Few citizens know that Rohman Street is part of the historic Yellowstone Trail, built in an effort to provide automobiles with a safer route across the U.S. The trail spanned from Massachusetts to Seattle.
Photo by Jennie McGhan.
It was nearly 15 years ago that Lower Valley residents were alerted to the history behind the Yellowstone Trail when Yakima County decided to repave Grandview Pavement Road.
Those interested in preserving history made sure a marker along the roadway was part of the project, letting travelers know about the little stretch of the Yellowstone Trail.
What residents in Sunnyside may not know is that Rohman Street, which connects North Avenue and Scoon Road, is also a piece of the nation’s first roadway constructed for automobiles to cross the nation.
The city of Sunnyside is planning to close the roadway because of traffic concerns.
Jerri Honeyford, wife of Sen. Jim Honeyford, has been a longtime advocate for preserving the past.
She said she believes the original founders of the Yellowstone Trail wanted roadways that would bring visitors to their state (South Dakota).
“Congress wanted people to visit national parks,” said Honeyford.
Roads weren’t marked at the time and many were muddy during poor weather, making travel difficult.
This was in 1912.
“They were experimenting with surfaces,” said Honeyford.
Much of the Yellowstone Trail was made of concrete.
“The first asphalt surface in Washington was Maryhill Loops,” said Honeyford.
It took approximately five years for the Yellowstone Trail to be completed. It spanned the nation from Pittsfield, Mass. to Seattle.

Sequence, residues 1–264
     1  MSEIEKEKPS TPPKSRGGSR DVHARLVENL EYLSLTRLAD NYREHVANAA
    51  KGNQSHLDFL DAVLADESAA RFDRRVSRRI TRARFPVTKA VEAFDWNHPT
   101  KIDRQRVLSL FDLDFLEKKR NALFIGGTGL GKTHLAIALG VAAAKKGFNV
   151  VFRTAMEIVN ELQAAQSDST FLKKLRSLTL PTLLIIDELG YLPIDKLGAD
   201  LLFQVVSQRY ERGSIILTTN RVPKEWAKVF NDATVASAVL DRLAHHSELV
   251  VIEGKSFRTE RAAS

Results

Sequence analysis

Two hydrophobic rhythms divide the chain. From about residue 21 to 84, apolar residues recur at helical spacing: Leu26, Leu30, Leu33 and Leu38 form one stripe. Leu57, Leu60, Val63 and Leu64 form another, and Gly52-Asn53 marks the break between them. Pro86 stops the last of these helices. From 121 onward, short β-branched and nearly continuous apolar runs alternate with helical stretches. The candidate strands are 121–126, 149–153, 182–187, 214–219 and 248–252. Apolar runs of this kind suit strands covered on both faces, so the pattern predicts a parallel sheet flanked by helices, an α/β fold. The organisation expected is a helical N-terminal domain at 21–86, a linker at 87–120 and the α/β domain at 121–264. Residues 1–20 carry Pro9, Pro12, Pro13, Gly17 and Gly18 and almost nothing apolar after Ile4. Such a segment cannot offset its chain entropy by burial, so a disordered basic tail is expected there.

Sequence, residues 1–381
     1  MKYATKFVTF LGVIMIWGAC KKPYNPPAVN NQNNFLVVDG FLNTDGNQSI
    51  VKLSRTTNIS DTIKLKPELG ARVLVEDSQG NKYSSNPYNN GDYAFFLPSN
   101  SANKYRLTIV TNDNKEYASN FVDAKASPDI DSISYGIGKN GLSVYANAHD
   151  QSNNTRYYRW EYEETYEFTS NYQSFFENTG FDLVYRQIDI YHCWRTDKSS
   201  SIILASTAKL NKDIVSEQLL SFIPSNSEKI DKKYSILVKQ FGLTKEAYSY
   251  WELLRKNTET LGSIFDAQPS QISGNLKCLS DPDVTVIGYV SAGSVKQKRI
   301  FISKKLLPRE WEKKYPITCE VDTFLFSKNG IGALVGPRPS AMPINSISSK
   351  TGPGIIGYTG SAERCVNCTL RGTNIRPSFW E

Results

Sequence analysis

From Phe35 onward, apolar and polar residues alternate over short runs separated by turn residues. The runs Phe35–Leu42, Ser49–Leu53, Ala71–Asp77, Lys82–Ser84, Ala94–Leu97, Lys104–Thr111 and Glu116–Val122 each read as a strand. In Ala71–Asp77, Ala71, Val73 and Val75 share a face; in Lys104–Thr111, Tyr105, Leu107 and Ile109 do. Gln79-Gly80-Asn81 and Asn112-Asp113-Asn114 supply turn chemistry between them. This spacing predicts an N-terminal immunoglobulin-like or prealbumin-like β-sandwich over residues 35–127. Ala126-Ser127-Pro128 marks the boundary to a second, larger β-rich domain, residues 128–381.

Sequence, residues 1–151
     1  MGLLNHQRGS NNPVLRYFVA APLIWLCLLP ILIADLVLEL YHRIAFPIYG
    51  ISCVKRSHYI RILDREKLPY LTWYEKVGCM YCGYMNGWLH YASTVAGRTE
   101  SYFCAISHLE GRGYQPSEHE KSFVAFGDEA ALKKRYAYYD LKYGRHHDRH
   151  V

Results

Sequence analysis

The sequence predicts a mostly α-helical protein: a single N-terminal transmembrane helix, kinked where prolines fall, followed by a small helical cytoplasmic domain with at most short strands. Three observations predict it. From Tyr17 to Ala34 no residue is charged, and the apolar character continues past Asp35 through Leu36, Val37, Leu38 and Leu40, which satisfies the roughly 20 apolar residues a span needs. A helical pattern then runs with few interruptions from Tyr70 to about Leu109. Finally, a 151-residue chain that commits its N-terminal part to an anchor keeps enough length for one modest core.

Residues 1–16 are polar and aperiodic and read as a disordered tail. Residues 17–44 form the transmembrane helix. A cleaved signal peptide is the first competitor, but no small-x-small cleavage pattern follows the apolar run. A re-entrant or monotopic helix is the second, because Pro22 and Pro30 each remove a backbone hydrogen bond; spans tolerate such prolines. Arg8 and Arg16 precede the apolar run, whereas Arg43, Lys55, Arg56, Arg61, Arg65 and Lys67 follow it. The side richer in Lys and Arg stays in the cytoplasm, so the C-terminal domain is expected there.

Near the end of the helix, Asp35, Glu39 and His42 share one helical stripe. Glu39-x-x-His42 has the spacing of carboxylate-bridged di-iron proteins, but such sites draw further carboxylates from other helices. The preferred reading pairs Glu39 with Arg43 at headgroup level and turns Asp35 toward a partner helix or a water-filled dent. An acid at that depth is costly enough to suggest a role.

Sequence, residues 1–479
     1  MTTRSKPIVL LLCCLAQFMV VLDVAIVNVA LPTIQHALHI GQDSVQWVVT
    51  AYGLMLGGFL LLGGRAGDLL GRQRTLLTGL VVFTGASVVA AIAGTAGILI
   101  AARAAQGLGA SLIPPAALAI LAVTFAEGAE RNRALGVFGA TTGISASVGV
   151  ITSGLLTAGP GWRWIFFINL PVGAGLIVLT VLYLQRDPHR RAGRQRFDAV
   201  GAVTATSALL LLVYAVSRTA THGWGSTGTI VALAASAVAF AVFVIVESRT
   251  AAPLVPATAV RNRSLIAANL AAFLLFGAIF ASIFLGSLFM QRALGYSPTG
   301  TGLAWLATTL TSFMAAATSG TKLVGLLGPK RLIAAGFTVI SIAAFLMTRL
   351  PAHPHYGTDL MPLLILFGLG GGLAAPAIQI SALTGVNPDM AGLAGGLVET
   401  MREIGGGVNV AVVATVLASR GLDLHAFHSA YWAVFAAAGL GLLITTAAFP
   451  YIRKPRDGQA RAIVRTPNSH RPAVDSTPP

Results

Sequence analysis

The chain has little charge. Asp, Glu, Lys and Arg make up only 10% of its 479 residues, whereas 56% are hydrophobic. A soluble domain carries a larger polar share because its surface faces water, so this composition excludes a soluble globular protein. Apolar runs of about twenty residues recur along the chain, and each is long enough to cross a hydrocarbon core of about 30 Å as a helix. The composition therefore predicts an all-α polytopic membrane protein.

The Yakima Valley is part of the southern route through Washington state, which converged with the northern route at Cle Elum.
Honeyford said the Yellowstone Trail included Old Inland Empire Highway from Prosser to Grandview, Grandview Pavement Road and parts of SR-241 from Grandview to Sunnyside.
“Thanks to Henry Ford and the Good Roads Association, America was put on wheels,” said Honeyford.
Those wheels had safer surfaces because of the Yellowstone Trail Association.
“This is a piece of our history and I wish there were signage to tell us that,” said Honeyford.
She said it isn’t common knowledge that the Yakima Valley played a large part in automobile history.
“I only knew about it because I saw a map in the Washington state archives (in Olympia),” Honeyford said.
She believes too many pieces of history are lost to progress, but Rohman Road is one piece of history that could be preserved.
Sunnyside Public Works Director Shane Fisher said, “I had never heard of the Yellowstone Trail.”
Having not known the history of the Yellowstone Trail and Rohman Street, he said, “It looks like we’ll have to start digging and learn more.”
Fisher said he doesn’t know what decisions will be made regarding the roadway, but promised to “do my homework” before the next city council meeting.